The Wrack Spawn and Lash Fiend are some Nentir Vale monsters who will team up to take you out.
The new year has brought with it a few new Sage Advice updates, and so far, I’m liking this trend. If two data points can be called a trend–and since we’re not fivethirtyeight, we can safely say that two data points are a trend, Half-life 3 confirmed. Or at the very least, Epistle 3.
Now that I have made this image, I am going to use it every chance I get.
IN the meantime, while we await the story and mechanics-driven masterpiece that will break new ground for the form, let’s turn our attention to the two new monsters that have appeared in another Nentir Vale-flavored Sage Advice update: The Wrack Spawn and Lash Fiend.
Both of these monsters showcase monsters that play to a specific theme. 5th Edition is all about mechanics that evoke or are informed by the lore–and these two creatures are located handily within the themes of Nentir Vale.
Two critters for my campaign, creatures spawned by Torog. As written Torog is the god of the Underdark and torture in the Nentir Vale setting, I made him a fiend entombed underground by a curse. His frantic burrowing and malign nature created the Underdark.
And the Wrack Spawn and Lash Fiends are servitors created from this malign presence. Everything about them kind of reinforces what Torog is all about–and you can see it too in the way they work together. Let’s take a look at what these monsters do. First up, the Wrack Spawn:
Wrack spawn are what is left of humanoids that fall into into Torog’s clutches – skin flayed, limbs twisted and broken, turn their pain on others.
The Wrack Spawn is a pretty standard minion-y type monster. They have a interesting mechanic that allows them to be a little more threatening in packs–unless you put them down, you’re risking psychic damage when you attack these things from close range. But! Their speed is fairly slow, and they are easy to hit, and even at first level, it only takes two or three good hits to drop one. So with careful tactics, you can drop them before they swarm and overwhelm you with psychic damage.
That’s where the Lash Fiend comes in.
Lash fiends are lesser servitors, torturers who thrive on the wrack spawns’ pain. They drive them forward with cruel whips to seek out more victims for their master.
The Lash Fiend is a bit beefier bruiser. Still fairly easy to hit, biut with more hit points, deadlier attacks, and two abilities that work really well in tandem. So first there’s Reap the Pain which is basically turn any psychic damage you would take into temporary hit points, those can stack, up to 15. Which also works real well with Bone Lash which, conveniently enough, deals psychic damage to allies and gives them advantage on melee weapon attack rolls.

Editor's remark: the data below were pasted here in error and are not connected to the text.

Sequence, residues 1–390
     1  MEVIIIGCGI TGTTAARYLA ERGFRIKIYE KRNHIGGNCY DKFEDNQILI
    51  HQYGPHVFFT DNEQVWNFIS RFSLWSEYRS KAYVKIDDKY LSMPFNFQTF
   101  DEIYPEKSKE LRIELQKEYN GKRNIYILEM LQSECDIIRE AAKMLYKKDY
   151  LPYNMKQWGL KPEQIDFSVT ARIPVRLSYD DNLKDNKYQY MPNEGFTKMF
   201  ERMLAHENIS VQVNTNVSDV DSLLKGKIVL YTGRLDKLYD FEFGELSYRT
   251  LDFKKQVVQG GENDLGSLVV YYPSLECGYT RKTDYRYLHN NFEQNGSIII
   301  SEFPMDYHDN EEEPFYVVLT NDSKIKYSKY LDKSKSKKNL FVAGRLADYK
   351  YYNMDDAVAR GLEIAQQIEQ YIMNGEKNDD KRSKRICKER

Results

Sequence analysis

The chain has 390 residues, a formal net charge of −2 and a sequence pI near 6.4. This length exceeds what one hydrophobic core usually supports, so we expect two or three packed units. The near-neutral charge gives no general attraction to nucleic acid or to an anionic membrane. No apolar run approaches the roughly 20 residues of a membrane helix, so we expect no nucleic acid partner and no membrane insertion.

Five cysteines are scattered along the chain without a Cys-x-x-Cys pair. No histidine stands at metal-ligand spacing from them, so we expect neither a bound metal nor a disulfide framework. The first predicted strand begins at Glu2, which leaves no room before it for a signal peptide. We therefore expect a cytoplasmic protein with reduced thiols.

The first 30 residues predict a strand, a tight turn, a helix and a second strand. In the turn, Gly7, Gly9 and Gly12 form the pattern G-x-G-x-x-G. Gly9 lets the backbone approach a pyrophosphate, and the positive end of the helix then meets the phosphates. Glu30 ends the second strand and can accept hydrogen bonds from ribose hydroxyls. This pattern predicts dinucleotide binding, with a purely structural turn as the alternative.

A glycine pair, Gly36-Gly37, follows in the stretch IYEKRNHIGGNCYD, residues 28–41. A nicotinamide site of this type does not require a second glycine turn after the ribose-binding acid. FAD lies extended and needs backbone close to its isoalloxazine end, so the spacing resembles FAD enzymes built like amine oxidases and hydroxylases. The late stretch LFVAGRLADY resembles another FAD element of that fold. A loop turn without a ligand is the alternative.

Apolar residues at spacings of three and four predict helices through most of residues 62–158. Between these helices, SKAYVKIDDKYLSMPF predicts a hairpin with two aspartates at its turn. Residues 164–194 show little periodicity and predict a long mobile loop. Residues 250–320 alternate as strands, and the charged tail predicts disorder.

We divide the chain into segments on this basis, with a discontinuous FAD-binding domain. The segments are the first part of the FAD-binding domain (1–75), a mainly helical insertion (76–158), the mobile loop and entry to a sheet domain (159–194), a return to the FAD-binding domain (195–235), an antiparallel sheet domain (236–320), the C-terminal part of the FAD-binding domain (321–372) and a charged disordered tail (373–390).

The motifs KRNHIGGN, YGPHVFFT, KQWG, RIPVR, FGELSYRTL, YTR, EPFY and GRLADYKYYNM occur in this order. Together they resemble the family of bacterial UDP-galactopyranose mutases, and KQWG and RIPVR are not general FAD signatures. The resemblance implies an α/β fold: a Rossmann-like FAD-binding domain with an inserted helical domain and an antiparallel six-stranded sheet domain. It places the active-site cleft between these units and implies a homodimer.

Now–this has an obvious synergy with the Wrack Spawn. You send in a few wrack spawn which are given advantage by the lash fiend–and the damage of the fiend’s attack is not (usually) going to drop the wrack spawn to 0 hit points, so instead they explode. In an ideal situation, this deals 6 damage to each creature within 10 feet of the spawn (fortunately or unfortunately, depending, wrack spawns don’t trigger each other) but this does mean that it gains 6 temporary hit points as part of its multiattack. And will possibly continue to gain temporary hit points while attacking the PCs.
All the while, it kind of speaks to the torment that Torog inflicts upon his victims while presenting PCs with an interesting tactical challenge. Do they go after the Lash Fiend, allowing the wrack spawn to whittle them down with advantage, while also ‘healing’ the fiend? Or do they risk the psychic damage explosions of the wrack spawn to take them out and deprive the lash fiend of his ability to damage? Either way, it’s not particularly good for PCs caught up in the midst of it all.
The trickiest part about running these is that they’ll want to stay mobile enough to threaten a backline–if I were going to plan a tough encounter, I’d have a couple of packs of wrack spawn waiting near places that are likely to draw a ranged character, and I’d spring them on the backline of the party with some lash fiends thrown in the middle. Because the wrack spawn act as their own terrain feature, they prompt movement. They prompt interesting and engaging decisions–I really like the way these guys work–they aren’t deadly in and of themselves, but taking them apart requires some thought and finesse.
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